Simply put, the graphics card market is divided into two large segments. One is the retail segment, which provides its customers, the do-it-yourselfers, with a single card packaged in a colorful box along with some nice extras like games. The other is the much more lucrative OEM market for off-the-shelf PCs. This second segment is definitely the more interesting one for card and chipmakers alike. After all, when a company like Dell or Gateway decides to use a certain card in one of their product lines, it means an order of several thousand cards right there. This is exactly the market NVIDIA is targeting with its refreshed GeForce4 chips NV18 and NV28. AGP 8x is the new buzzword in the OEM market and therefore the next "must-have" feature as well. After all, 8x is twice as much as 4x - right? Alright, frown if you will, but this kind of argument may well win over some first-time buyers looking through their home-order brochures.
The MX440-8x now uses the newer and faster BGA memory. Although NVIDIA's reference board only used a passive heatsink to cool the chip itself, the cardmakers will surely not pass up a chance to visually "tune" their cards by including an impressive looking fan.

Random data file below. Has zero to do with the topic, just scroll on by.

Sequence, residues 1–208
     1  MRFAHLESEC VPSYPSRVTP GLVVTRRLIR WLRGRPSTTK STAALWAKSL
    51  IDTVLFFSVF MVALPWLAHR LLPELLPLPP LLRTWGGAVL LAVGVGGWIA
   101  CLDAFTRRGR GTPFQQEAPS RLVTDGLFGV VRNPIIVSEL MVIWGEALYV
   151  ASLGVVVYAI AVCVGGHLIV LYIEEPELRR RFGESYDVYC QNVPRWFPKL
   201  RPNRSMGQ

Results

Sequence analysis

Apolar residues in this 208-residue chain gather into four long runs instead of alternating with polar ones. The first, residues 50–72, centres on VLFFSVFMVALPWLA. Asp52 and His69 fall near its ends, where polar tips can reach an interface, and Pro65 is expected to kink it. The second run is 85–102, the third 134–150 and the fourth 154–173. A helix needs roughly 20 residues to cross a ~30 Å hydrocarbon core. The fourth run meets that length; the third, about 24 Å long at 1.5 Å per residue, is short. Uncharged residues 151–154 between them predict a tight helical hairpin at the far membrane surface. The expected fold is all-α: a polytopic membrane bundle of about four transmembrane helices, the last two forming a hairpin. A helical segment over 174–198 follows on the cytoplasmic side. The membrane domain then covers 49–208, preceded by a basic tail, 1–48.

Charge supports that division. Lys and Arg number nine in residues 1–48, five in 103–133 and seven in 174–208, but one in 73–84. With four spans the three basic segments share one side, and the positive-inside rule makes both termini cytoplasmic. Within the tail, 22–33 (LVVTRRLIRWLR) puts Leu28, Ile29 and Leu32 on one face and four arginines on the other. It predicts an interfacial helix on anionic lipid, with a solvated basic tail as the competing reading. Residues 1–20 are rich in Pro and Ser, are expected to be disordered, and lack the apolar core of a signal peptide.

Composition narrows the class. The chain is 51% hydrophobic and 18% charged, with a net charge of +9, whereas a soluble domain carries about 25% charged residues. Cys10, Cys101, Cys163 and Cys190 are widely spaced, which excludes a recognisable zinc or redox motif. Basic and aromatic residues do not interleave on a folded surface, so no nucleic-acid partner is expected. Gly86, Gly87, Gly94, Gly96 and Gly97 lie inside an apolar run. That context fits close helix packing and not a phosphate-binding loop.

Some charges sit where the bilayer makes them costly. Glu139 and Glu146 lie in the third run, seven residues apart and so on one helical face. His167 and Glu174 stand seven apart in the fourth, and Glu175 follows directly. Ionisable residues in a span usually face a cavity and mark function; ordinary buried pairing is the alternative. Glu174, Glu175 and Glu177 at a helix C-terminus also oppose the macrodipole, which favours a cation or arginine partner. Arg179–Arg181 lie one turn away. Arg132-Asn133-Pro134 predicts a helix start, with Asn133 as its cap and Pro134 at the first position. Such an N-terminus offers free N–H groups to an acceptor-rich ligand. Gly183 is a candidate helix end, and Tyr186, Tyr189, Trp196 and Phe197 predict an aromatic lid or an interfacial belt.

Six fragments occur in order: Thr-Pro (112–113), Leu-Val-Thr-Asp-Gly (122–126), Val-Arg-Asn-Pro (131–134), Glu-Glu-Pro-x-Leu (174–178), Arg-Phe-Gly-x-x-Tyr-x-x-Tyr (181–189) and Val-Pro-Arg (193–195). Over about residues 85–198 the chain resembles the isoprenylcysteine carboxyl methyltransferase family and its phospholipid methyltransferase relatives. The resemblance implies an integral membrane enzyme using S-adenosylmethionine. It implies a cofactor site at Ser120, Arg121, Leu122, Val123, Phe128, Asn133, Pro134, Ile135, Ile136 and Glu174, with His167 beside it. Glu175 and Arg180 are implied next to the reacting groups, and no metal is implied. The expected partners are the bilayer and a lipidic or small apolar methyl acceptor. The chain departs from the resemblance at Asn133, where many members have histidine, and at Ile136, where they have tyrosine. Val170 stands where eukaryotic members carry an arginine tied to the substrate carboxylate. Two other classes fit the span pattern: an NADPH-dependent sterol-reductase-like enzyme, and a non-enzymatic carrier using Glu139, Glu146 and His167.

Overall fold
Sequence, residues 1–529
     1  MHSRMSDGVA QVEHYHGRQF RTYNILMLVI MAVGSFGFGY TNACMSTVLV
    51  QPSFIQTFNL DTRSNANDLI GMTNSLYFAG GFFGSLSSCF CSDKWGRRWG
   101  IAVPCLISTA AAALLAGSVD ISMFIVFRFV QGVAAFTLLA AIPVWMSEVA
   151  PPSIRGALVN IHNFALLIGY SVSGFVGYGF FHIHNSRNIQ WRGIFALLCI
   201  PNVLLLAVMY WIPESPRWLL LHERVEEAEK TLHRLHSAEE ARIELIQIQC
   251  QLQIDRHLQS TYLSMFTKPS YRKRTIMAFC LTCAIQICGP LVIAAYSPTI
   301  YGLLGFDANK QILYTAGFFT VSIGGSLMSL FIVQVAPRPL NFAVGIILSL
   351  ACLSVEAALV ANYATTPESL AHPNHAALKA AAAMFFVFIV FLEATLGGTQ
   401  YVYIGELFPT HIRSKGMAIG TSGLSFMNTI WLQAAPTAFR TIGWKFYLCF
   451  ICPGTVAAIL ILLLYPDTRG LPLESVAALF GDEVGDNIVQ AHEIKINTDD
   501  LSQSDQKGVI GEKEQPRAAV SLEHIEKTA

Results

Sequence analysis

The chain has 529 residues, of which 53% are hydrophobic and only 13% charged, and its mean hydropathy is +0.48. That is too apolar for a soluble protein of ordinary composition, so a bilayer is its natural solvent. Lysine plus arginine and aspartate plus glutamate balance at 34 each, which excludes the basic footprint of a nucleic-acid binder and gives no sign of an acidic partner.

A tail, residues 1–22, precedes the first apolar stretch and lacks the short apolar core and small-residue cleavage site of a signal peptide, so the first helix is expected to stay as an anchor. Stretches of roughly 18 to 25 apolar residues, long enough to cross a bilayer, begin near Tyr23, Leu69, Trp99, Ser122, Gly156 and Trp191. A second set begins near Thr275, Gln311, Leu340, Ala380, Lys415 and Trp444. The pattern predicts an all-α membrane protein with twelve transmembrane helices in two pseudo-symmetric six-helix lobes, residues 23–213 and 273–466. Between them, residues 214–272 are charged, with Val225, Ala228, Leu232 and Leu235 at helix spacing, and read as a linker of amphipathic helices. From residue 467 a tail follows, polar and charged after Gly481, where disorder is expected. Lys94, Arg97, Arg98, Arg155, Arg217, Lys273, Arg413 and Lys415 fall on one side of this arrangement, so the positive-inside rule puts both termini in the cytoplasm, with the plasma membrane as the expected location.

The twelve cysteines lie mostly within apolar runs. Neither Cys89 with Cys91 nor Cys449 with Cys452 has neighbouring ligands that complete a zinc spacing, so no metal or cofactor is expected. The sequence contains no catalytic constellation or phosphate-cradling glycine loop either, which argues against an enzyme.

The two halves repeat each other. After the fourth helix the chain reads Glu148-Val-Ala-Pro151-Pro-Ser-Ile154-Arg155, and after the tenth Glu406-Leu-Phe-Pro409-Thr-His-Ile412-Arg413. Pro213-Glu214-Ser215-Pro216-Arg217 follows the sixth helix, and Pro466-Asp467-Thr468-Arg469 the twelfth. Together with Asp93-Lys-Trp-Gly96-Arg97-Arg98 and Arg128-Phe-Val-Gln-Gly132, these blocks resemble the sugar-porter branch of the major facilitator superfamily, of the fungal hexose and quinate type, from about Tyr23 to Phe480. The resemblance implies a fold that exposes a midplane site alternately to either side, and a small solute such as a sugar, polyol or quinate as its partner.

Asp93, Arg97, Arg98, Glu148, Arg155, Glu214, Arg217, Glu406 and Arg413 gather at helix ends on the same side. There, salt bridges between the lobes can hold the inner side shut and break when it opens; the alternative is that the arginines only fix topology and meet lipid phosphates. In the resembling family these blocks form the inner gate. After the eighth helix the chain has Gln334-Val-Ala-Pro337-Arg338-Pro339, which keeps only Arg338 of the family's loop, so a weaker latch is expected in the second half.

It is hardly surprising, then, that only the two best-selling cards in NVIDIA's line-up, the budget GeForce4 MX440 and the slightly pricier Ti4200, are being treated to the newer and faster bus interface. The new versions of these chips will be called MX440-8x (NV18) and Ti4200-8x (NV28). Rumors about these revisions have been making their way through the net for a while now - ever since ATi's introduction of the Radeon 9000 PRO, to be exact. Suddenly, those companies that chose ATi's chips were able to cash in on the advertising hype around AGP 8x, leaving NVIDIA's partners stuck at "only" AGP 4x. Like it or not, in the world of OEM sales this is a clinching argument.
Now NVIDIA is trying to close the gap - and just in time for the holiday season, too. A bit early? Not really, considering the contracts with OEMs are inked a long time before the actual systems using the card will be sold.
The new Ti4200-8x reference board shows now outward change from its predecessor. Only the name on the chip itself gives the version away.
Beyond the switch to AGP 8x, NVIDIA has also cranked up the clockspeeds of the MX440 -8x. Instead of running at 270 MHz (GPU) and 400 MHz DDR (memory), the new cards are set to 275/500 MHz. The Ti4200-8x remains unchanged at 250/500 MHz for the 64 MB version. Interestingly, the memory of the reference cards supplied by NVIDIA for testing ran slightly faster, namely at 512 MHz (NV18) and 514 MHz (NV28). Officially, both cards are being advertised as using a memory clockspeed of 500 MHz, though.